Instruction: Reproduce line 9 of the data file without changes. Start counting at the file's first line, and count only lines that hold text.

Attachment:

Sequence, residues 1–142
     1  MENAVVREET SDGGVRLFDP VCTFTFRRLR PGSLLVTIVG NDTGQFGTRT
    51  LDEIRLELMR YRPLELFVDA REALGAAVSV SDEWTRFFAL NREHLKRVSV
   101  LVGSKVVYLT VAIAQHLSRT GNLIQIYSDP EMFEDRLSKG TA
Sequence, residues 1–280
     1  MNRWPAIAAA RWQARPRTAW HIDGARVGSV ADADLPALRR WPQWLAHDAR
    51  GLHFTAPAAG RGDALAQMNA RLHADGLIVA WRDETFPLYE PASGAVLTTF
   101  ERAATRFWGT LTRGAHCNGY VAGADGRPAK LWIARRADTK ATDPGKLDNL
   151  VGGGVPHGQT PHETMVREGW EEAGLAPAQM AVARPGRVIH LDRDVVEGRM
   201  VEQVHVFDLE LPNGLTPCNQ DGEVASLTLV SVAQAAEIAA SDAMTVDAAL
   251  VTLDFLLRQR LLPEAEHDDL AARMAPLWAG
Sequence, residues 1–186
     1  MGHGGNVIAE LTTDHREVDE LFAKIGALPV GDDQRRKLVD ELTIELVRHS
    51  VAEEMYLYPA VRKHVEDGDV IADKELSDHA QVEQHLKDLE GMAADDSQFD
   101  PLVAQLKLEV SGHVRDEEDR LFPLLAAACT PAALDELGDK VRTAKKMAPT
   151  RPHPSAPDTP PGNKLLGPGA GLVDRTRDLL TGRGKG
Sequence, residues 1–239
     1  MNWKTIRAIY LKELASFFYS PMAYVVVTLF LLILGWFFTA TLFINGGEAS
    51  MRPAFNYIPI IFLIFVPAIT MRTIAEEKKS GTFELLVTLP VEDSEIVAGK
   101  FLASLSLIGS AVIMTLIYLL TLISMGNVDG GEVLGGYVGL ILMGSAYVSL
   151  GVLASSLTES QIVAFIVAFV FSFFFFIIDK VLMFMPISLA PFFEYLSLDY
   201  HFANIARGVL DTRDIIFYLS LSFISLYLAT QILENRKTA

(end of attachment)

   151  VGGGVPHGQT PHETMVREGW EEAGLAPAQM AVARPGRVIH LDRDVVEGRM